What is razor burn?
Razor burn is a skin irritation you can develop after shaving. It can happen on any part of your body you shave. Razor burns can affect your face, neck, legs, armpits or pubic area. Dry shaving, shaving too quickly or shaving with a dull blade can all cause razor burn. The skin irritation usually shows up a few minutes after shaving, and it usually lasts from a few hours to a few days.
Razor burn is different than razor bumps (pseudofolliculitis barbae). Pseudofolliculitis barbae is a condition that can occur due to ingrown hairs. Ingrown hairs can occur after shaving when your hair curls into your skin as it grows back. Razor burn and razor bumps both cause red, irritated skin. But razor bumps look like small pimples. Razor burn looks like a blotchy skin rash.
Who does razor burn affect?
Razor burn can affect anyone who shaves unwanted hair off their body. The condition is slightly more common in people with acne. If you have sensitive skin, razor burn may affect you more frequently as well.
Razor bumps (pseudofolliculitis barbae) are more common in Black people assigned male at birth (AMAB). As many as 83% of Black people AMAB may experience razor bumps.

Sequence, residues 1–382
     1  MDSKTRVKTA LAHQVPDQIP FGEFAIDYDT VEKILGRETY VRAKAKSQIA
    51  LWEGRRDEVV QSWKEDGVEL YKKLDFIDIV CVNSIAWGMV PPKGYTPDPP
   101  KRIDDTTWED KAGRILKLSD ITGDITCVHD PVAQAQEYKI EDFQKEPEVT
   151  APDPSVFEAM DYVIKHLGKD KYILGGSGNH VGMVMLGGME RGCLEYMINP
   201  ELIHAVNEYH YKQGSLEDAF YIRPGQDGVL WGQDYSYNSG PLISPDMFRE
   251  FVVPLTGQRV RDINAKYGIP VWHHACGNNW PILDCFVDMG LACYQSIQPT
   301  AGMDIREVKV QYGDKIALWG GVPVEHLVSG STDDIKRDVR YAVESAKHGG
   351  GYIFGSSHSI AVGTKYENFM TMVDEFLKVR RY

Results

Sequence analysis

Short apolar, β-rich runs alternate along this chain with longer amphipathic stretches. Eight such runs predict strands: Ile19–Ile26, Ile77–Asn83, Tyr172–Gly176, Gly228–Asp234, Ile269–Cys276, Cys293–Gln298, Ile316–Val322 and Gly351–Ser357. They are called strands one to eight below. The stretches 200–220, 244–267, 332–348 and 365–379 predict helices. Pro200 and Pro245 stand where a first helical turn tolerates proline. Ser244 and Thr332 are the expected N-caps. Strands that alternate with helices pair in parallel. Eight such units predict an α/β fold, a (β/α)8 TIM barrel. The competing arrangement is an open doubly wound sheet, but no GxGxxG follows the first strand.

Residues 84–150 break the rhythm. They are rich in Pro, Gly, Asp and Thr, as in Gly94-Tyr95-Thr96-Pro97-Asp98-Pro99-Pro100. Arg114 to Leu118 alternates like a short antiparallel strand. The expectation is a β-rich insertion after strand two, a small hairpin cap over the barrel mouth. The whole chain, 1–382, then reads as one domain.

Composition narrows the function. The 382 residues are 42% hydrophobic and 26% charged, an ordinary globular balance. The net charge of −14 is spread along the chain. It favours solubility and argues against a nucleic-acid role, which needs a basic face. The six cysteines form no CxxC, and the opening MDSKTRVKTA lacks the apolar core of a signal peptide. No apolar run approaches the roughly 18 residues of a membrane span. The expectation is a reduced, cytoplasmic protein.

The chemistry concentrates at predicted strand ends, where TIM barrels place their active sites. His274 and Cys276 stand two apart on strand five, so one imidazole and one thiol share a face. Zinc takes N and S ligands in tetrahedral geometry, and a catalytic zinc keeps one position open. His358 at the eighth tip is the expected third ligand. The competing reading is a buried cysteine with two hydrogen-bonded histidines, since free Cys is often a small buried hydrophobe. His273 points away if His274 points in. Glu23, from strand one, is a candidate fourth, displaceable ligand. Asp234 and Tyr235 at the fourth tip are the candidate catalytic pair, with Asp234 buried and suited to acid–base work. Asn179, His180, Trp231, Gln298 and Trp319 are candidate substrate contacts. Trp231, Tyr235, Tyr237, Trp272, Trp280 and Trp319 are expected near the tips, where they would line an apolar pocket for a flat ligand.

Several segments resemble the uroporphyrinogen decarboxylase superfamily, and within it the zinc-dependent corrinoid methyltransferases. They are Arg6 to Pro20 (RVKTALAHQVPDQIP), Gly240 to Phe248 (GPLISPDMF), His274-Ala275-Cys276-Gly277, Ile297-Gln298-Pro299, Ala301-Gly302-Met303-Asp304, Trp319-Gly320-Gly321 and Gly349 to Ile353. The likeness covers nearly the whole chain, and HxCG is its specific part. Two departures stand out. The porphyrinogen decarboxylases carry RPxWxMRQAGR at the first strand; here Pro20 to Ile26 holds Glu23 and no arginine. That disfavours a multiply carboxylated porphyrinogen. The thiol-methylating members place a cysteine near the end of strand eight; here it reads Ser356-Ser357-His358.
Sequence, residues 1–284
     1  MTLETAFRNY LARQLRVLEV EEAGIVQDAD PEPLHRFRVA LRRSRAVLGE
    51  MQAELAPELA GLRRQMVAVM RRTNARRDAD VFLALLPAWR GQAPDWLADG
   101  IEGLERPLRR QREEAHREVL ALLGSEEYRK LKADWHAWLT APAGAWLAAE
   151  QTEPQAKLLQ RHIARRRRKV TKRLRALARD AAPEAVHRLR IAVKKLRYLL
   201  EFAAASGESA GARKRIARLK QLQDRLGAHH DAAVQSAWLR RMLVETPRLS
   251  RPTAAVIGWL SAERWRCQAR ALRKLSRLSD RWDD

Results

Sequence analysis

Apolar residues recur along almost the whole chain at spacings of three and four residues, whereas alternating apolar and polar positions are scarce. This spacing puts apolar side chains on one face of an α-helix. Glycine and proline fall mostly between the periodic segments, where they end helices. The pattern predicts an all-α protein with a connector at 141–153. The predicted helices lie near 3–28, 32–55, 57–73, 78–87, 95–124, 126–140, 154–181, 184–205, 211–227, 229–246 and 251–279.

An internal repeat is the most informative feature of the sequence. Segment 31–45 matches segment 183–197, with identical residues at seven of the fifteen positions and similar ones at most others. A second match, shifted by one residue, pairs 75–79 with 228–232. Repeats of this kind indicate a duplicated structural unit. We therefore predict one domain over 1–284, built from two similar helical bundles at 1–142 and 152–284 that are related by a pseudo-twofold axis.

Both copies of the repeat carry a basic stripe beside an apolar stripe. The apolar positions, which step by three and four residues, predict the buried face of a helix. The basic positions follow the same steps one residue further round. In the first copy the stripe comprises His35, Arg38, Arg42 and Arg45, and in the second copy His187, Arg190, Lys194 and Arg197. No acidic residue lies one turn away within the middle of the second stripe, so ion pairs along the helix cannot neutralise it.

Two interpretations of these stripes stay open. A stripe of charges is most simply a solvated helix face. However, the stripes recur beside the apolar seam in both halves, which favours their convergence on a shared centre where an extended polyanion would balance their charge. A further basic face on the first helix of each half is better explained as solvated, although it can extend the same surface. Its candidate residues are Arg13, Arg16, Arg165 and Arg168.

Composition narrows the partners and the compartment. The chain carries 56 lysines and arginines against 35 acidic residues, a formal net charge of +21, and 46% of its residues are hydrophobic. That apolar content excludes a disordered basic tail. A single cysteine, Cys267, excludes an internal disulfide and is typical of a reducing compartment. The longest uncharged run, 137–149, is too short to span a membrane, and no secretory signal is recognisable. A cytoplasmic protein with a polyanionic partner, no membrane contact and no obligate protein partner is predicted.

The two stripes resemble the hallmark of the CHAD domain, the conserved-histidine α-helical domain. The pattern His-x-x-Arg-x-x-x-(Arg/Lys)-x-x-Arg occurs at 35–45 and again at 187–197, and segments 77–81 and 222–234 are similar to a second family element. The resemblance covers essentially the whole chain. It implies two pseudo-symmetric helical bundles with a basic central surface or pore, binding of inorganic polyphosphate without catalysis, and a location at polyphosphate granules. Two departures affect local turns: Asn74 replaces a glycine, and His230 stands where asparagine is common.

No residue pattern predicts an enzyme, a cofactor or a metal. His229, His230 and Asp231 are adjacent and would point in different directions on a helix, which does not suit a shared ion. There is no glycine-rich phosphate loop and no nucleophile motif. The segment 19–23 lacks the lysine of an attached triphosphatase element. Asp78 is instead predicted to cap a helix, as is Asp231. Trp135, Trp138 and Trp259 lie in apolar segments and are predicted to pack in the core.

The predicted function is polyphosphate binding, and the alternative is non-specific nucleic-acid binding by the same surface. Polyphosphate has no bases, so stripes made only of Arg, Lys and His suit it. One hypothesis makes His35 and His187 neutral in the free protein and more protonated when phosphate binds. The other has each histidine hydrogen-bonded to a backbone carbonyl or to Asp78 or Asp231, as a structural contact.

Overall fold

Symptoms and Causes
What causes razor burn?
Razor burn occurs due to the interaction between your razor blade, your hair and your skin. Tiny cracks in your top layer of skin (epidermis), along with a loss of hydration and inflammation can occur when a blade moves across your skin. Other common causes of razor burn may include:
- Dry shaving, which means shaving without any water, soap or shaving cream or gel.
- Shaving too fast.
- Shaving with an old (dull) razor blade.
- Shaving against the direction of hair growth.
- Sensitive skin, or using products that irritate your skin.
What does razor burn look like?
Razor burn looks like a red, irritated patch of skin or a streaky red rash. Other symptoms of razor burn may include: